Solar Installers you can trust!

You need to know your solar installation runs as easily and smoothly as possible. That’s why all of our partners at Eco Affect are MCS accredited so you know that once your panels are live you’ll be reaping the rewards. 

Our partners are all backed by the HEIS scheme; the Home Insulation and Energy Systems insurance-backed guarantee.

Add Battery Storage with your solar panels

Battery Storage enables you to store the energy your solar panels generate when you are not using it. Helping you to save even more money. Use a tariff like Octopus Go/Intelligent to fill it overnight in winter too! 

Find out more about Battery Storage

Publicly standing up for climate and the study of its science, thirty-eight scientists signed a letter penned by distinguished senior scientist Kevin Trenberth, Sc.D. that strongly criticizes WSJ’s recent publishing of the “No Need to Panic About Global Warming” op-ed. Trenberth eloquently points out the flaws and falsities of the “No Need to Panic” article and counters with matter-of-factly outlining the overwhelming amount of science that shows climate change is real and supported by almost 100% of those in the field of climate. Kudos to these climate scientists for taking public action on communicating the truth.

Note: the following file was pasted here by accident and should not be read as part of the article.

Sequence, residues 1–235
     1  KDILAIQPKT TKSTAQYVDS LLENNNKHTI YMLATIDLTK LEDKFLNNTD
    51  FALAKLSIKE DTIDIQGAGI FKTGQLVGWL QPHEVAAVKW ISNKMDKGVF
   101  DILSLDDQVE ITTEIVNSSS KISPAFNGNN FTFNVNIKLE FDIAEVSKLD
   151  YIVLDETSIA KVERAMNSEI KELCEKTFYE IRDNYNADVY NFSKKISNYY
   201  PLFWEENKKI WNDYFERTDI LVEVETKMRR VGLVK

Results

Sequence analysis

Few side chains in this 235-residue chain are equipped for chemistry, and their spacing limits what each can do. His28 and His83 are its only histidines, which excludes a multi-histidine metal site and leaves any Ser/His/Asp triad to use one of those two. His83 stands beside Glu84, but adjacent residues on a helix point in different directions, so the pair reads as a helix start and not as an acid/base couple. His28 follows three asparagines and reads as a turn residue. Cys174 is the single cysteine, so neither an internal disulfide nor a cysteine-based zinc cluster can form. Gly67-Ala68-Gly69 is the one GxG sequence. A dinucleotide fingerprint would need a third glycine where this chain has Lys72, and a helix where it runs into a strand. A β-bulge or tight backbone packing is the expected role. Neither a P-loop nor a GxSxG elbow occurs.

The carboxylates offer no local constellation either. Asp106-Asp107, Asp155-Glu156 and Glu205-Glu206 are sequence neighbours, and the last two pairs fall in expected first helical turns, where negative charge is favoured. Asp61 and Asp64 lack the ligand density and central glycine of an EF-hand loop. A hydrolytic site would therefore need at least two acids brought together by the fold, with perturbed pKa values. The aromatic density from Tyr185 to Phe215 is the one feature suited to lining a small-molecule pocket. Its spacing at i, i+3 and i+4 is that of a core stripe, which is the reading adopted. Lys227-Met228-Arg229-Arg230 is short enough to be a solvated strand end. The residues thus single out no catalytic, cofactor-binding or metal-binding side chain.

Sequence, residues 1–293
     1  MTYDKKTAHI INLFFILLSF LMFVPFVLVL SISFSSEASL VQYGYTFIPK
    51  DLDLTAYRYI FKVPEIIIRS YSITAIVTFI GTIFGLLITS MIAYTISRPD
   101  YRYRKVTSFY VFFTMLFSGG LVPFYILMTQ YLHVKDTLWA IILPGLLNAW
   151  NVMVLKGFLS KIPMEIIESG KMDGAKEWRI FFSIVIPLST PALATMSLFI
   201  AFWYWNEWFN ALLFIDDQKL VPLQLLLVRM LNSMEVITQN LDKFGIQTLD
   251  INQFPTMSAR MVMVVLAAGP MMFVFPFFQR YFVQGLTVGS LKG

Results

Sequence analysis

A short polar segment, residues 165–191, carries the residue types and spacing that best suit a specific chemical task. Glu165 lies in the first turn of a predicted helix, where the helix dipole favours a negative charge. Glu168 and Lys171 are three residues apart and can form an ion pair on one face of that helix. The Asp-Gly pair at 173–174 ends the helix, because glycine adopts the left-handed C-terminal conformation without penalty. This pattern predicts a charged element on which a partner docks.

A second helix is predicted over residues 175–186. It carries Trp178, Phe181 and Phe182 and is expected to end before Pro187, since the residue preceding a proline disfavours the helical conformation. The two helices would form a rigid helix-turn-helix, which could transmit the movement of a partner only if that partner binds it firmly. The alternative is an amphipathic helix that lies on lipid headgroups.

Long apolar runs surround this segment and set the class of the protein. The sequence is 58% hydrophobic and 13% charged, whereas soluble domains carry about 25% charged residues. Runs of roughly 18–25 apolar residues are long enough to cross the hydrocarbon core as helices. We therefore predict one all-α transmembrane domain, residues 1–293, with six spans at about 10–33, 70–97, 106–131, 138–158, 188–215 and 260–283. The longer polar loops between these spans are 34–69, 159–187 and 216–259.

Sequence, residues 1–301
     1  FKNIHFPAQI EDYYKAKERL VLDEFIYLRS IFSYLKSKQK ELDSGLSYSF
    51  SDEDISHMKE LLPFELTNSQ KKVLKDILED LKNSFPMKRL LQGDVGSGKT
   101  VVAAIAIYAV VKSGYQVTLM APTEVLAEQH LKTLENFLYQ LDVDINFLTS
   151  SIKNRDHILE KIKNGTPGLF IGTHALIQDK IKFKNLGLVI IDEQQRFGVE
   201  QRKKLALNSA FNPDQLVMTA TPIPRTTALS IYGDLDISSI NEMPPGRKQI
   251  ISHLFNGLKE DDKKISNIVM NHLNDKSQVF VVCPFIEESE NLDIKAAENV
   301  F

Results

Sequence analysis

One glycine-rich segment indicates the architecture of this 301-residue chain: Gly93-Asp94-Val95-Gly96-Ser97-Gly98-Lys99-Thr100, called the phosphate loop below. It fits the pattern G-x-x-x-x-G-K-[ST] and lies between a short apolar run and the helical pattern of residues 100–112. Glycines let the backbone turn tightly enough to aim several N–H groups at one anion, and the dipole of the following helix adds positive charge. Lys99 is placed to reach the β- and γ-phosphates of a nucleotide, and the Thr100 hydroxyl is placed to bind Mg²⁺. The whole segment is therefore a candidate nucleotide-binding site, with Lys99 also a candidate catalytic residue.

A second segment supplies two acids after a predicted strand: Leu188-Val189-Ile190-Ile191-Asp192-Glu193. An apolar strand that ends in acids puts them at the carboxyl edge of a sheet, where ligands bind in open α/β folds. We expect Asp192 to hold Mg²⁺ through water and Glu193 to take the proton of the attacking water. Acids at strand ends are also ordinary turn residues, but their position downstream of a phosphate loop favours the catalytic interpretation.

Check With Climate Scientists for Views on Climate

Cross-post from The Wall Street Journal

Do you consult your dentist about your heart condition? In science, as in any area, reputations are based on knowledge and expertise in a field and on published, peer-reviewed work. If you need surgery, you want a highly experienced expert in the field who has done a large number of the proposed operations.